There's a saying "Don't Fly What You Can't Afford To Lose" - ignore this advice at your own peril.

But, more insidious is the fact that pilots get so attached to their ships early on in the game that they become very risk averse, they carry with them the fear of the dangers in low-sec and 0.0 and choose to remain in hi-sec under the limited protection of Concord.

The new Advanced Combat tutorials introduced in Dominion have a couple of missions where you cannot complete the missions unless you lose your ship, best of all they give you some ships for these very tasks - be sure to insure them for some extra cash :)

What's in a pod?


The pod (AKA Capsule) is a technology created by the mysterious Jovians which is essentially a miniature spacecraft with just enough room for a single occupant who floats inside a bath of fluid and connects to the pod via direct neural interface. This pod can then plug itself into larger ships and enable the pod pilot to command the ship with vastly greater efficiency. The same neural interface also includes the ability to rapidly scan the pilot's brain and upload this to a new clone body in the event that they capsule is destroyed. By the time your corpse spills into the deadly vacuum of space your mind has been transferred to a new healthy body, possibly light years away. Only the best get a chance to become a 'pod pilot', 'capsuleer' or 'egger' and in Eve you are one of the lucky few.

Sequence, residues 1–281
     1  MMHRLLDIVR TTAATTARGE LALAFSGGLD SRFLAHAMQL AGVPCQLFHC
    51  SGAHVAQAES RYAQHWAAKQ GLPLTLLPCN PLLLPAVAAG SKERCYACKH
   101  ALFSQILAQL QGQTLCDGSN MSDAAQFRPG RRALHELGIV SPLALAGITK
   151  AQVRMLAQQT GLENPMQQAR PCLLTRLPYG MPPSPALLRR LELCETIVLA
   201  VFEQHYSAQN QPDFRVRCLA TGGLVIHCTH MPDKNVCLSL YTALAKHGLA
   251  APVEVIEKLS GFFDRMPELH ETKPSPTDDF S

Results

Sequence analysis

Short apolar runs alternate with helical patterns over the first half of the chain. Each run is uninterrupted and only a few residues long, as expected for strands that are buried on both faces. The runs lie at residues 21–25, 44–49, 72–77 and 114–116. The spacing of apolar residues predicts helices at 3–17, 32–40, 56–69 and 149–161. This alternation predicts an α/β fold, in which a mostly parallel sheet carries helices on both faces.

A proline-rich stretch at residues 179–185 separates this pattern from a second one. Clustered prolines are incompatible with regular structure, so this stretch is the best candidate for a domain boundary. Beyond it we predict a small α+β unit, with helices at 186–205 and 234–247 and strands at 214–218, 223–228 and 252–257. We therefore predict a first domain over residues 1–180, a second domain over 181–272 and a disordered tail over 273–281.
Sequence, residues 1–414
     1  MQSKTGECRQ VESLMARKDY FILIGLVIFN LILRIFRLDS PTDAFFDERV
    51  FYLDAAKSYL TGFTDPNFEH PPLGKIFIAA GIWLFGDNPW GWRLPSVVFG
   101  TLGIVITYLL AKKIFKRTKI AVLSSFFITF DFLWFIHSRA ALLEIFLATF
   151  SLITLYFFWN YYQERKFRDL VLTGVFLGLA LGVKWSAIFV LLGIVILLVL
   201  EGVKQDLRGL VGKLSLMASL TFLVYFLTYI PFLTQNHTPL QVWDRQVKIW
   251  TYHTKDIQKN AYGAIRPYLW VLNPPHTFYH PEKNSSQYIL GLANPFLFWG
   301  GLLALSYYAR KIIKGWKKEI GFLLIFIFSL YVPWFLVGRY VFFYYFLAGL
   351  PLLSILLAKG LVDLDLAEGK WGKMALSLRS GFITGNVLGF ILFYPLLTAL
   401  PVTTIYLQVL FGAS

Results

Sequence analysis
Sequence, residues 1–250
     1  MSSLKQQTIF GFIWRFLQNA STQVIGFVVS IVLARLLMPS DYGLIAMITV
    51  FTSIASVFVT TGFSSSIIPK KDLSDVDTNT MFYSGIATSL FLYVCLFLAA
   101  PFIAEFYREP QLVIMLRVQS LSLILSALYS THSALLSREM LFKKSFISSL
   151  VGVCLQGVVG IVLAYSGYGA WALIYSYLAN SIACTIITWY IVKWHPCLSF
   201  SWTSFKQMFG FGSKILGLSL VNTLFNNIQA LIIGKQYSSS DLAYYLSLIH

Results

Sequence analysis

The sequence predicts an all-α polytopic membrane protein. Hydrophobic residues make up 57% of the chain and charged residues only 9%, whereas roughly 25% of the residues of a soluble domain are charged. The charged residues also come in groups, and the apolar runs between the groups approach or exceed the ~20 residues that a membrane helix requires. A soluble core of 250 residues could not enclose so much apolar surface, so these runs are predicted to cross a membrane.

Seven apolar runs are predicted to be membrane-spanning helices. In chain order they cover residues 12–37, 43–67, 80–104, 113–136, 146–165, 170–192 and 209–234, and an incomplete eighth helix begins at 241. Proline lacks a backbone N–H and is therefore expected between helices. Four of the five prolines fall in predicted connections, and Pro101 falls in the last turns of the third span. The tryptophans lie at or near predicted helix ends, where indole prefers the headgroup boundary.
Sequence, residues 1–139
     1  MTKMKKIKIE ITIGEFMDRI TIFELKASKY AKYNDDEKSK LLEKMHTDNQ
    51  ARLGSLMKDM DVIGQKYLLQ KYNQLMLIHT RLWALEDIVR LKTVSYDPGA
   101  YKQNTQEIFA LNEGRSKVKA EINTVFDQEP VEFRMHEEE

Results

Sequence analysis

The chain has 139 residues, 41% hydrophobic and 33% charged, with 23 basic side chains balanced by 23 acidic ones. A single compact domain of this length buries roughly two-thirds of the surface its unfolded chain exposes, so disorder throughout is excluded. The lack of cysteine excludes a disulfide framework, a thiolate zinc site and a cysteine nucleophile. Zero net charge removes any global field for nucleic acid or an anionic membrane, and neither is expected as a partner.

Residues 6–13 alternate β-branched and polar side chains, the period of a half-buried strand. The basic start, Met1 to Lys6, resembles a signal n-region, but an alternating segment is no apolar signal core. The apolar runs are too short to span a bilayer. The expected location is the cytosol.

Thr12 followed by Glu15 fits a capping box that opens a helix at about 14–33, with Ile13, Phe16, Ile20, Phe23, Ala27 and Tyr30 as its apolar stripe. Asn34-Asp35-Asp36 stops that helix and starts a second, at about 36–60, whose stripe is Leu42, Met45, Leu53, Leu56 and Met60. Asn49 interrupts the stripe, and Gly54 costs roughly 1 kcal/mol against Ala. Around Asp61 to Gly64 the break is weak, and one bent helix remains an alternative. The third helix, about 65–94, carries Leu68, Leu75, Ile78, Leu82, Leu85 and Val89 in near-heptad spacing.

Pods are awesome because
  • They're little Jovian ships, Jovian tech is centuries ahead of everyone else.
  • They're the most agile ship in Eve so they can get into warp faster than anything else.
  • They have a really small signature radius which makes them hard to lock and probe.